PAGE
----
The Mother Wound may manifest as:
- Harmful actions taken to fit beauty standards/body dysmorphia
- Unexplained fear/anxiety
- Feeling estranged from other women
- Fear of being alone (or serial relationships)
- Lack of boundaries
- Inability to say no/being a “people pleaser”
- Resentment of other women (there is no male “Karen”)
- Feeling “not like other girls”
In my own experience, I developed an eating disorder. I desired smallness and frailty in an attempt to outwardly portray my wounded inner self. Without understanding the implications of my actions, I was embodying the very picture of the stereotypical “weak” woman; incapable of independence by virtue of my femaleness. I became the modern version of “Consumption Chic” popularized in the Victorian Era. Obviously, I had my own traumas I was misguidedly processing, but the manifestation of self-harm popularized as a means to achieve an impossible beauty standard is not lost on me. Ultimately I realized I was slowly killing myself, and sought help. It is only with the distance of time and wisdom of age that I am able to connect the dots of my actions back to an unhealed Mother Wound.
Healing internalized misogyny caused by the Mother Wound is key to moving forward individually as well as collectively. The steps we take to heal our Mother Wound will result in a brighter future for women and girls.
So, how do we heal?
We can center women in our lives. When we feel critical of other women (or ourselves), we analyze the fairness of those criticisms. We discover our strengths and we grow. When we feel slighted or experience sexism, we speak our truth and demand rectification.
For some women, it may be helpful to delve into the lost history of our foremothers: healers, midwives, and those accused of witchcraft. For others it entails learning how to do traditionally “male” skills, like fixing cars or wilderness survival techniques. Many women find the concept of body neutrality particularly healing in light of ever-changing beauty standards and expectations for women’s appearance. A key is seeking personal empowerment in a world where women are encouraged to disavow it.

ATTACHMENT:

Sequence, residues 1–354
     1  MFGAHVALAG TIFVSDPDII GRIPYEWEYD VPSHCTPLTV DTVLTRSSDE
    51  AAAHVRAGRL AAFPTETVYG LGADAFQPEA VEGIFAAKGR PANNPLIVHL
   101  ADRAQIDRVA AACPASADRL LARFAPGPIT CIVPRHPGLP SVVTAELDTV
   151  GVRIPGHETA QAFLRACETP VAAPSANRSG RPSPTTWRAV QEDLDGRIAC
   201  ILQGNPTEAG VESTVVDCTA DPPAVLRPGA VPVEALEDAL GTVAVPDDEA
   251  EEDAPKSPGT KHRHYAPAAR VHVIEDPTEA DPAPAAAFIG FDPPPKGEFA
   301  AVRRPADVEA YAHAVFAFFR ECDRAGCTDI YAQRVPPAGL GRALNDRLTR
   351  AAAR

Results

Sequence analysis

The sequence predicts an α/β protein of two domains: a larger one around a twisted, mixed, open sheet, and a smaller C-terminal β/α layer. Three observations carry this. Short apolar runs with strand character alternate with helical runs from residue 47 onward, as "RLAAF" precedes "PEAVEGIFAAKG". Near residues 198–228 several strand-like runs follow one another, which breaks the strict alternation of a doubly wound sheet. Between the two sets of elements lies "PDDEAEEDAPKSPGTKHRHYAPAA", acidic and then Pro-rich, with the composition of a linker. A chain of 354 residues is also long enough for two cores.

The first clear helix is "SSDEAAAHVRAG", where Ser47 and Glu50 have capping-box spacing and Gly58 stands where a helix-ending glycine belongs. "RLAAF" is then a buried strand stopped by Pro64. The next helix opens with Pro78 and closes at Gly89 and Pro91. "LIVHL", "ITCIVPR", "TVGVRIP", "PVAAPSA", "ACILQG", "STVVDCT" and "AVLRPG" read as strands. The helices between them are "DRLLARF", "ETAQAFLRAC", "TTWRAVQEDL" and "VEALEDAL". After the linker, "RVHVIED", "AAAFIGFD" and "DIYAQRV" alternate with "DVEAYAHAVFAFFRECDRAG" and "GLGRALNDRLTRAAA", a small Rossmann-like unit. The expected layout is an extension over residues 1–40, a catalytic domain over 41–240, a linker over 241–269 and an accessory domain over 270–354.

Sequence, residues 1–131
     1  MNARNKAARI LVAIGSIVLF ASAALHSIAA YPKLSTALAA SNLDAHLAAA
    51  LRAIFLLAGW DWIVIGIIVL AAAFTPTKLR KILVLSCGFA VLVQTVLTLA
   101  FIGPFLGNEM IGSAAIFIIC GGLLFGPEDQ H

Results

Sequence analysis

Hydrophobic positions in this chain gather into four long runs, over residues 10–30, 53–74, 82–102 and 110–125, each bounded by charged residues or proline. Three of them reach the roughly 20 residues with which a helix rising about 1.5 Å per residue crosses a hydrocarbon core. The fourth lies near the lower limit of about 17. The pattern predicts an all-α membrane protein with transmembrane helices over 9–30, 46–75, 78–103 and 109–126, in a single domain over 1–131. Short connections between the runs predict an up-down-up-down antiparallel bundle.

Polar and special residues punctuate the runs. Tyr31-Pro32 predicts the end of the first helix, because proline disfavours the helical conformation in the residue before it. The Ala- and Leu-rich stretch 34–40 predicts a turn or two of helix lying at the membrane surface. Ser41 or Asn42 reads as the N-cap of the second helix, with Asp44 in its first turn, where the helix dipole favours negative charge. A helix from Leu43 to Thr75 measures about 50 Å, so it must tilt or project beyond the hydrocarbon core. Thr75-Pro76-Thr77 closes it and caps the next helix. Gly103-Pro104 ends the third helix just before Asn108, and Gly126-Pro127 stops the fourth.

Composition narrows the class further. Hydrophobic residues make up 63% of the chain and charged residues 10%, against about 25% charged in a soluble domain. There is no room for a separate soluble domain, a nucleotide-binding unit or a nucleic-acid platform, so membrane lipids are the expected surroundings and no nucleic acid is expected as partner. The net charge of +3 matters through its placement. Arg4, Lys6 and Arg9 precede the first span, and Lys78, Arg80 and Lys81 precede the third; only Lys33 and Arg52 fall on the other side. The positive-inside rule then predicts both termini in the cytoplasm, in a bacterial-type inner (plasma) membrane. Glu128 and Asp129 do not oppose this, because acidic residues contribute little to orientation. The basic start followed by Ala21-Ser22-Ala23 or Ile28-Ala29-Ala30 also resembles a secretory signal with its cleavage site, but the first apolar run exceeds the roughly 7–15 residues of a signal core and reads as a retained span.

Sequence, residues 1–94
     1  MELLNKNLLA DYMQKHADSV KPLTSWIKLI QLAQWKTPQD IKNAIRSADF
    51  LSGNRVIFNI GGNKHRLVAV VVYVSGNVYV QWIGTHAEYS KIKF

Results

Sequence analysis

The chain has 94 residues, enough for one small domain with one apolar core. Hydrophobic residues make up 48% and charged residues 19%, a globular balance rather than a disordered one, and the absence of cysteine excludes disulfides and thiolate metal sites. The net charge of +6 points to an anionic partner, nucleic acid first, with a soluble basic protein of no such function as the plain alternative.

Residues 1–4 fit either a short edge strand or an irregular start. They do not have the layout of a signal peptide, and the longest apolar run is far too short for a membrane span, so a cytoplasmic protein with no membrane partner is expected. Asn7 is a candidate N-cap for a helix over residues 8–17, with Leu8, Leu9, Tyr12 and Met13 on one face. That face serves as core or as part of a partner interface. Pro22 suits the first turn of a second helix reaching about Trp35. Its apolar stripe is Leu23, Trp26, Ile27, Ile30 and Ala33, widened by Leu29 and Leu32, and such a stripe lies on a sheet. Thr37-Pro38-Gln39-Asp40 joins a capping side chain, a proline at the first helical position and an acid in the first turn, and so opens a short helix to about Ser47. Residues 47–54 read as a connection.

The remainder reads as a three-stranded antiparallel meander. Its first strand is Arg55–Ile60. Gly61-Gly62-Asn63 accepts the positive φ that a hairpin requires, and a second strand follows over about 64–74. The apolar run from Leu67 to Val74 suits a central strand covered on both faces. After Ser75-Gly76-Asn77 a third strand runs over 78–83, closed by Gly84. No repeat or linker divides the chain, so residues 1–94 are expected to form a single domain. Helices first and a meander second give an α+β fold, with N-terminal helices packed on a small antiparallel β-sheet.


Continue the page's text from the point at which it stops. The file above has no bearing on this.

Find value in sisterhood, by reaching out to the women in your life. Offer encouragement and understanding. Receive those things in turn.
Pay attention to your speech and what you say about yourself, your body, and other women. Consider eradicating slurs aimed at women from your vocabulary. Realize this is an ongoing process, and it may be difficult.
Mothers can bake cookies with their sons, not just their daughters. Parents can teach children life skills without confining them to gendered expectations. Praise actions, intelligence, and creativity over a girl’s clothing or appearance.
Recognize what is getting better for women, and celebrate it. Discover what is harming women, and fight against it. Believe in your own power and love yourself as you are.
Most importantly we must forgive the women who walked this earth before us; it was not their choice to develop maladaptive coping mechanisms and mindsets to survive. Forgive yourself for these things too, for our own choices are never made in a vacuum.
Lastly, if the Mother Wound has rendered your life and mind too fraught to cope, please seek out a licensed therapist for help. Bit by bit, our personal healing can translate to a collective conscious where the Mother Wound is no more than a distant memory.
Get more like this—Sign up for our daily inspirational newsletter for exclusive content!
Photo: Jonathas Domingos via Unsplash